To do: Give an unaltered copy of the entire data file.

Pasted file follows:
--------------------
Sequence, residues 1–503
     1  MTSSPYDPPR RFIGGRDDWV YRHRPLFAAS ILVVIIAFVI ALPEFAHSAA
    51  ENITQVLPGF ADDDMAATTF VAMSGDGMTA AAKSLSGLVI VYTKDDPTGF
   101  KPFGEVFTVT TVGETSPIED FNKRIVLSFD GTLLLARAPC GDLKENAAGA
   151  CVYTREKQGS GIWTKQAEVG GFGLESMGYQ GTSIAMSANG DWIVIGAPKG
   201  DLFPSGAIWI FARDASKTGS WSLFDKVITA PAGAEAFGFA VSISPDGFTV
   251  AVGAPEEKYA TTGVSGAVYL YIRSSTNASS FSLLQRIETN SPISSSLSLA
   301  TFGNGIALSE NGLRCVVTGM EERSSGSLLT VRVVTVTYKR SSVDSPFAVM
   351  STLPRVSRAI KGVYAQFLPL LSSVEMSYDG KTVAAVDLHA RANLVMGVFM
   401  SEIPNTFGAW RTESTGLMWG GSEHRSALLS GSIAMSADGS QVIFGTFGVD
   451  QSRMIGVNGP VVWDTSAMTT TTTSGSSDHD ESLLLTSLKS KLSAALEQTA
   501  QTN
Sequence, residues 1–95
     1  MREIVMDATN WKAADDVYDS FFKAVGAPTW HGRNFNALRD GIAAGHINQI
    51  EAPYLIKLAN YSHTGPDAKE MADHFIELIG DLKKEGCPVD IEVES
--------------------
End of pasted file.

Sequence, residues 1–503
     1  MTSSPYDPPR RFIGGRDDWV YRHRPLFAAS ILVVIIAFVI ALPEFAHSAA
    51  ENITQVLPGF ADDDMAATTF VAMSGDGMTA AAKSLSGLVI VYTKDDPTGF
   101  KPFGEVFTVT TVGETSPIED FNKRIVLSFD GTLLLARAPC GDLKENAAGA
   151  CVYTREKQGS GIWTKQAEVG GFGLESMGYQ GTSIAMSANG DWIVIGAPKG
   201  DLFPSGAIWI FARDASKTGS WSLFDKVITA PAGAEAFGFA VSISPDGFTV
   251  AVGAPEEKYA TTGVSGAVYL YIRSSTNASS FSLLQRIETN SPISSSLSLA
   301  TFGNGIALSE NGLRCVVTGM EERSSGSLLT VRVVTVTYKR SSVDSPFAVM
   351  STLPRVSRAI KGVYAQFLPL LSSVEMSYDG KTVAAVDLHA RANLVMGVFM
   401  SEIPNTFGAW RTESTGLMWG GSEHRSALLS GSIAMSADGS QVIFGTFGVD
   451  QSRMIGVNGP VVWDTSAMTT TTTSGSSDHD ESLLLTSLKS KLSAALEQTA
   501  QTN
Sequence, residues 1–95
     1  MREIVMDATN WKAADDVYDS FFKAVGAPTW HGRNFNALRD GIAAGHINQI
    51  EAPYLIKLAN YSHTGPDAKE MADHFIELIG DLKKEGCPVD IEVES